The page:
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Vietnam's North-South Railway Set for Major Upgrade

Vietnam’s North-South Railway has been in need of a major upgrade for a long time. Beyond issues of speed and comfort, the system’s infrastructure is in poor condition, causing chronic delays and inefficiencies. While Vietnam recently put plans for a high-speed rail system on the backburner due to massive costs, the Ministry of Transport has released a blueprint to overhaul the system’s main line.

Years of war and subsequent lack of capital have rendered the North-South Railway slow and sometimes unsafe. As of 2007, 278 bridges were in need of major rehabilitation. Many of the 27 tunnels along the line are in poor condition and suffer from leaking, forcing trains to reduce speed when traveling through them. Of the 3,650 level crossings, 82% had no barriers, alarm systems or guards. The rainy season doesn’t make matters any better as bridges are sometime swept away by swelling rivers.

Since then, development assistance aid has funded repairs to critical pieces of infrastructure. Public awareness campaigns along with construction of safety barriers have made the line safer and more efficient. But, for the most part, these repairs are patch-work in nature necessitating the proposed overhaul.

The blueprint for the new system has three main elements: 1) an upgrade to the existing single-gauge tracks 2) build a broad gauge track allowing trains to travel up to 200km per hour 3) two express tracks.

On the existing single-gauge line, built by the French in the early 20th century, it takes around 30 hours to make the 1,726 km trip from Hanoi to Saigon (which is actually down from 72 hours a decade ago). The upgraded line would reduce the duration of the trip to 21 hours.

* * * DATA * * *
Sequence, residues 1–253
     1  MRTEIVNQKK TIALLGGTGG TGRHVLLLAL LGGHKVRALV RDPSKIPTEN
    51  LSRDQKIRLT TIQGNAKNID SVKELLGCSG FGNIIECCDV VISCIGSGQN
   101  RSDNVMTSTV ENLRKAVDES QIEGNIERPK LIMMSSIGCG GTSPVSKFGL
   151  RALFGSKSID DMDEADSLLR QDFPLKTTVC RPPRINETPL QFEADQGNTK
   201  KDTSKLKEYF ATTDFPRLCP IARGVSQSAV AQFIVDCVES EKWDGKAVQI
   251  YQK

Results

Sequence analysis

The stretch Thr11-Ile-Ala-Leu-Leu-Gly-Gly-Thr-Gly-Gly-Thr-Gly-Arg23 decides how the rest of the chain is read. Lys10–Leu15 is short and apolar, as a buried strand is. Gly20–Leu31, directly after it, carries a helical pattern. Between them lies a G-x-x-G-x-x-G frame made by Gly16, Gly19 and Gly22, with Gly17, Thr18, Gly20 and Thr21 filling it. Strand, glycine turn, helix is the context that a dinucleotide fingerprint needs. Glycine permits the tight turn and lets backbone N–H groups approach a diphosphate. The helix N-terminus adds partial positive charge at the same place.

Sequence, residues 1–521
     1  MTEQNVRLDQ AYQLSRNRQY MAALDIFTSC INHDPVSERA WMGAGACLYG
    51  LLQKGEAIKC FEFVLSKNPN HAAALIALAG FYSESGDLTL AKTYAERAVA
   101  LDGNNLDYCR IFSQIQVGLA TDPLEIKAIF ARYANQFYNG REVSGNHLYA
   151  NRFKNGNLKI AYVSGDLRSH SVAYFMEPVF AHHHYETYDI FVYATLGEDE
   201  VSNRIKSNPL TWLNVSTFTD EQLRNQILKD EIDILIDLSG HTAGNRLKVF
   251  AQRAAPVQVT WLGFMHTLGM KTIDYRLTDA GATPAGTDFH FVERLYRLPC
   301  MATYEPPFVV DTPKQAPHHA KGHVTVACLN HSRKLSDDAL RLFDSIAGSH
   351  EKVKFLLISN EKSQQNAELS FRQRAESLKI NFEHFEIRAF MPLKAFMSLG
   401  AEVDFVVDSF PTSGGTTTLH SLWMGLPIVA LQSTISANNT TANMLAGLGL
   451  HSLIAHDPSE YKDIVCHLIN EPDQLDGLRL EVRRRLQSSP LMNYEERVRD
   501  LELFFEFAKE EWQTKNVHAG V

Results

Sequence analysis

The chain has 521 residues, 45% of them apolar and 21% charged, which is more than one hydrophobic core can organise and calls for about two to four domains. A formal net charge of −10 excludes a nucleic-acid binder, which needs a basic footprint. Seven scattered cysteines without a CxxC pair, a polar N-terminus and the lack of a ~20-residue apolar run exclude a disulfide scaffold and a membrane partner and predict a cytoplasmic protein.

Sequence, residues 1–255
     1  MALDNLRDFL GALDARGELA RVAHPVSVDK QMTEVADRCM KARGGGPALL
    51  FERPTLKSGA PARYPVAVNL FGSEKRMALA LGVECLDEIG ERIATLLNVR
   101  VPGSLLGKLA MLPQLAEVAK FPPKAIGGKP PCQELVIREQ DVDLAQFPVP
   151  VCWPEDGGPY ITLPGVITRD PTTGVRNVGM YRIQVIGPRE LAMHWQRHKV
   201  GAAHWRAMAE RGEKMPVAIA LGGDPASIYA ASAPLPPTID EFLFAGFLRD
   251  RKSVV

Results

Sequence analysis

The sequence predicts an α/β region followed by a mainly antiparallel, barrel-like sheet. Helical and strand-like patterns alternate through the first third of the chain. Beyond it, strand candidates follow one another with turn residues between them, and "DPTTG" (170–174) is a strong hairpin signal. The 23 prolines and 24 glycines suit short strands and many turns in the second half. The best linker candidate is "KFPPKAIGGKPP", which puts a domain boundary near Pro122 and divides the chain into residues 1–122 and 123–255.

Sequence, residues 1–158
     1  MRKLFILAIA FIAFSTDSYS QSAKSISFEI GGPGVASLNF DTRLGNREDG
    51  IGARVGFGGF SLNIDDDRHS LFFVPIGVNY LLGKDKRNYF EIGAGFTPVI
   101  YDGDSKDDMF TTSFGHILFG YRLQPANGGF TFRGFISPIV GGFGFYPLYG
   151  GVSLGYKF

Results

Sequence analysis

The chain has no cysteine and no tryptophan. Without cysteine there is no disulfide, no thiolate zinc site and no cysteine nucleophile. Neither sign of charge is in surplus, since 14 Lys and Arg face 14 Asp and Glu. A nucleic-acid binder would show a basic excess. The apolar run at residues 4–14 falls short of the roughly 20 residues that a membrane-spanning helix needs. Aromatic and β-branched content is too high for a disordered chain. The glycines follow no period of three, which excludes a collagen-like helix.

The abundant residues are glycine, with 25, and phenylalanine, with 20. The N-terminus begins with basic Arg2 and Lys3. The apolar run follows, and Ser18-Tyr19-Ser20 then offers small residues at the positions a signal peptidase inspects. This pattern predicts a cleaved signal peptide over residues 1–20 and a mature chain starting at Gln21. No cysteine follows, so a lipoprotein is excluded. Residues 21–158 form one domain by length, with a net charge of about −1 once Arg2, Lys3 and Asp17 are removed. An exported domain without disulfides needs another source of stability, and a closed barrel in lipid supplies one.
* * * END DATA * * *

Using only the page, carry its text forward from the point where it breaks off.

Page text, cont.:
Deputy Transport Minister Nguyen Ngoc Dong said the total cost for upgrading the railway is estimated to be around VND40 trillion (US$1.9 billion).

Under the plan, the existing tracks and equipment would be upgraded and used for passenger service while the newly-built wide-gauge tracks would accommodate freight traffic. The latter would go a long way in improving logistics and lowering freight costs. Both passenger and freight services have plummeted over the last 20 years:

"Official statistics show that the railway’s share of cargo transportation plunged from 27.9 percent in 1996 to 4.1 percent in 2011, while its share of the passenger transport market plummeted from 7.9 to 1.8 percent over the same period."

In a recent report, the Asahi Shimbun newspaper said Japan will compete with South Korea and China, for construction contracts.

The most controversial element of the plan is the proposed express railway between Hanoi and Saigon, bringing down the travel time to a staggering 6 hours. The $56 billion express line was rejected by lawmakers in 2010 who deemed the project economically unsound.

The express line would require the construction of a 1,570-kilometer (975-mile) track that would be completed by 2035.

However, Jonathan Pincus, a former HCMC-based economist with the Fulbright Economics Teaching Program, said Vietnam does not need an express train.

“[All Vietnam] needs [is] a good conventional freight train to move goods and to link up the various regions of the country economically,” Pincus toldVietweek. “This would make it cheaper for companies to build factories outside of the major cities. It would also remove the need to build so many small ports.”

[Thanh Nien]

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